This is an advantage I think you have built into priesthood quorums, especially where you have an established program and leaders and teachers with tenure. When things are running smoothly, the younger boys will fall into place, following the example of the older boys, and the older boys will benefit from being an example.

You can even get a little of this in the Cub Scout program, because of the way it is set up in the Church. I know we often complain about how the boys advance on their birthdays instead of at the same time, like in other packs, which can make keeping track of everything tricky. However, you can take advantage of the fact that you have older boys who can set the example as new boys enter your den, just like in the priesthood quorums. You can increase their opportunities to lead each other by making use of the denner program, and if you can arrange for a den chief, that will give them yet another boy to look up to.

What if you don't have an established program and/or your leaders are all new? It can be hard to start from scratch, especially when you see someone else's program that is running smoothly. Maybe you know of, or have been in before, a great boy-led troop, and you don't see how your ward can ever get to that point. Sometimes it is hard, when starting at the beginning, to have patience and take thing slowly (I am currently having this challenge with the adults in our packs - in some ways training adults takes even more patience than training kids).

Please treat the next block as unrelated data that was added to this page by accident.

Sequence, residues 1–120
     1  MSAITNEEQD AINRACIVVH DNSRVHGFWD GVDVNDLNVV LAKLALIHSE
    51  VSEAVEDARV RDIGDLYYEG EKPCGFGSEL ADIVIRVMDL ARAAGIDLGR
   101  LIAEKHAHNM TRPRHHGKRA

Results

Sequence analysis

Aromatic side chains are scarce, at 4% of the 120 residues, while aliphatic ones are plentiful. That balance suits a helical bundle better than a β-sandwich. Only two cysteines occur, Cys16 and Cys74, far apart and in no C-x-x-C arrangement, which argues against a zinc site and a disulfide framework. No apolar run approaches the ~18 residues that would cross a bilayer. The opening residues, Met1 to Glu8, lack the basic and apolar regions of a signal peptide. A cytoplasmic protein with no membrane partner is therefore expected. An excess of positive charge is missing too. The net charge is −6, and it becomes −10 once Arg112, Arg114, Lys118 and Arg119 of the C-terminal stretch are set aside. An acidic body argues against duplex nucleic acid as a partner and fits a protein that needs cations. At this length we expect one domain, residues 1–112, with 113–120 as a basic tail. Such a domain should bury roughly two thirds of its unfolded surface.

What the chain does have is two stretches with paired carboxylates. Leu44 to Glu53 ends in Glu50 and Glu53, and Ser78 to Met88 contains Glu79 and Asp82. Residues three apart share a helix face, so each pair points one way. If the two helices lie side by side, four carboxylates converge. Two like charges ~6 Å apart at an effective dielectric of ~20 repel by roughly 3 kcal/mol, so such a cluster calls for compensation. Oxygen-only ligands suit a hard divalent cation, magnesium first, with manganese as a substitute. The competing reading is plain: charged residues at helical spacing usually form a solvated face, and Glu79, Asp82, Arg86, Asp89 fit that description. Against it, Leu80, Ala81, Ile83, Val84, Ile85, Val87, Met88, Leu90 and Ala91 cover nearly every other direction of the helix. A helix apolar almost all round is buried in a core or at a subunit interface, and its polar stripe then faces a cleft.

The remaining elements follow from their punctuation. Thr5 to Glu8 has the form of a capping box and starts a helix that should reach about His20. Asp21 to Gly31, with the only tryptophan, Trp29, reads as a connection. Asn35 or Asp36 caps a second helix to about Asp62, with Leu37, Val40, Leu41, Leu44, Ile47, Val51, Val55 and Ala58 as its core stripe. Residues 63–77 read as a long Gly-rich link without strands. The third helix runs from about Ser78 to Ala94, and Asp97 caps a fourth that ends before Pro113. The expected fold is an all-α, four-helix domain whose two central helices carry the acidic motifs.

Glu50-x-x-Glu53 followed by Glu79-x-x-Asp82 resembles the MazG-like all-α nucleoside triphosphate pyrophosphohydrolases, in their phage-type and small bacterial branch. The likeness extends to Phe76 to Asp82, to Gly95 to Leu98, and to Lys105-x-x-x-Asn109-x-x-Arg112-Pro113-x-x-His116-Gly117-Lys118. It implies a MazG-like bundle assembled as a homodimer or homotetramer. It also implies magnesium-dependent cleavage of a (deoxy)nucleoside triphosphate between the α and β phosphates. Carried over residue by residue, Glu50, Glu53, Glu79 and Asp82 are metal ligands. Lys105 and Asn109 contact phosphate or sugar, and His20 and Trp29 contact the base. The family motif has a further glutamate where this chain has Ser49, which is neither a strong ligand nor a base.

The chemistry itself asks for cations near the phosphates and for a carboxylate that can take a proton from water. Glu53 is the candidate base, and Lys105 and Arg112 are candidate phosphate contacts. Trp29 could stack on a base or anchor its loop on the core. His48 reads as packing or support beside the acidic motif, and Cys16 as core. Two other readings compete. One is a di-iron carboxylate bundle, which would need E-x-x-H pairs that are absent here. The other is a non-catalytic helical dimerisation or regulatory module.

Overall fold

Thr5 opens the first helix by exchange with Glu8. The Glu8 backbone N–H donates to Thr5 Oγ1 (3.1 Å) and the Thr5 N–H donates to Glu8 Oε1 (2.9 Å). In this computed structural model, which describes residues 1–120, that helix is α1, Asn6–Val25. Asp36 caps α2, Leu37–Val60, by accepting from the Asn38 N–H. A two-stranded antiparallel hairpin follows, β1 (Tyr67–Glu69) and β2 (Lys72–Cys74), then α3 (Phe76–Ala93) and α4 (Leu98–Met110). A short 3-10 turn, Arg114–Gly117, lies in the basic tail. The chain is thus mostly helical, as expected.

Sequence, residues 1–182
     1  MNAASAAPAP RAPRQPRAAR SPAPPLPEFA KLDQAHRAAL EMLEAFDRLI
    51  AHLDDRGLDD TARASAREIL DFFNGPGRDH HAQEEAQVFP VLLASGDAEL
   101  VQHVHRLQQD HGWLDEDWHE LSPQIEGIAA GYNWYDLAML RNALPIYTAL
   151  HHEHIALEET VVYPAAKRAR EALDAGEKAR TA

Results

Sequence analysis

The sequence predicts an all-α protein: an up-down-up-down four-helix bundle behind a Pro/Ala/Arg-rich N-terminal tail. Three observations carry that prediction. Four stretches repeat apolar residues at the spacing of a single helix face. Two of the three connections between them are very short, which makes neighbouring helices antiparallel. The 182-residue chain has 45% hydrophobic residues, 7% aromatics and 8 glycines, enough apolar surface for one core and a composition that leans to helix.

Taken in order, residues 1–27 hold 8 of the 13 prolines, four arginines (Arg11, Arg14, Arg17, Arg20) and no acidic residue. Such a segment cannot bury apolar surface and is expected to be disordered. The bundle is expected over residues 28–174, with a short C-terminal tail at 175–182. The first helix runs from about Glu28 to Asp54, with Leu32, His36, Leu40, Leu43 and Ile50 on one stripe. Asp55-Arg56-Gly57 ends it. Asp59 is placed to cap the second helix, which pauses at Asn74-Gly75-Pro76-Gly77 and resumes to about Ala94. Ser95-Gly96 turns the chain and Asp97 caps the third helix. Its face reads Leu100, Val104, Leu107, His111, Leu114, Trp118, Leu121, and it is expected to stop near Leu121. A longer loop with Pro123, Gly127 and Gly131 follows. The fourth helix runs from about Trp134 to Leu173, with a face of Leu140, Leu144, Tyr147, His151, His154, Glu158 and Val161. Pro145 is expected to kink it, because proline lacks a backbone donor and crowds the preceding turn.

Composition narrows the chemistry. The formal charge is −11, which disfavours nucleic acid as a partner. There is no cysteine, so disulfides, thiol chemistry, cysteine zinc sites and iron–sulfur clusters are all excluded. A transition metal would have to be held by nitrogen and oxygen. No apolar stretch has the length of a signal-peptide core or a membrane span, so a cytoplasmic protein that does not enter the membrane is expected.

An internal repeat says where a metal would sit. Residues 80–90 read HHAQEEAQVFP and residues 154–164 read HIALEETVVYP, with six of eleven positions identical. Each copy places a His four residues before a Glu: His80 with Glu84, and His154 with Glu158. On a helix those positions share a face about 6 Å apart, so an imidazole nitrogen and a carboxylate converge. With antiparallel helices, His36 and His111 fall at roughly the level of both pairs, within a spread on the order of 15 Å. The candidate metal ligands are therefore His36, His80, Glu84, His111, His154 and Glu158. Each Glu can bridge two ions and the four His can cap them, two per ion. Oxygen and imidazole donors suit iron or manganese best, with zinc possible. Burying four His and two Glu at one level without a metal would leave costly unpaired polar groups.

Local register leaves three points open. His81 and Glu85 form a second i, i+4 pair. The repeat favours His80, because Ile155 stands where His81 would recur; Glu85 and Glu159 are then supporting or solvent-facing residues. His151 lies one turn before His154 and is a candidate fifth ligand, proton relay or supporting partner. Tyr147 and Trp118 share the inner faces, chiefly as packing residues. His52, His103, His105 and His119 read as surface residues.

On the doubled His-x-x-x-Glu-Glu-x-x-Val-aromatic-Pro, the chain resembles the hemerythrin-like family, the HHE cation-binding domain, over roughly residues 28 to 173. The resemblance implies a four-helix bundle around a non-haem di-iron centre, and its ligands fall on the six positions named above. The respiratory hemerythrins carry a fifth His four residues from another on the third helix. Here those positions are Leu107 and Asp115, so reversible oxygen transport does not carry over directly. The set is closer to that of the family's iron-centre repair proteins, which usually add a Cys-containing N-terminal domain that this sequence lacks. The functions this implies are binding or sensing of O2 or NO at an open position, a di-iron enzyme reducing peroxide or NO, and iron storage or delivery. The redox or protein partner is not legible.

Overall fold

I remember Charles Dahlquist's description of his early days as a Scoutmaster:

"I told them, 'Boys, I have a feeling we do not have long to accomplish all we must in this quorum. For the next couple of weeks, I will be doing some things that, after you have seen how it's done, you will be doing, so watch carefully!' Within several weeks they shouldered their proper share of the load, but only after they had seen it done and caught a vision of how things should go." (I don't know whether this talk is online anymore, but I quoted a lot of it here.)

Hopefully, after a lot of time, patience and training, things will smooth out. The other day I was taking to someone who has been involved with young men and scouting in our ward for a few years. He was telling me how much the program has improved over time. When he started, it wasn't much of a program at all. Then they had a couple of good leaders who really got things organized and going. Then they all took training and things really got better. It sounds like things are going pretty well now, and they have a new committee chair who I know will make things even better.

If you can get your own program to grow that way, then we just have to hope the bishopric will follow the wisdom from the new Handbook:

"When possible, leaders should be allowed to serve in Aaronic Priesthood and Scouting callings long enough to become fully trained, establish strong activity programs, and effectively touch the lives of boys and men."

(Note: I found this lesson so inspiring, that it has given me way too much to talk about in one post. I would like to let you ponder on this for a while, and I will continue the discussion of the same lesson in another post.)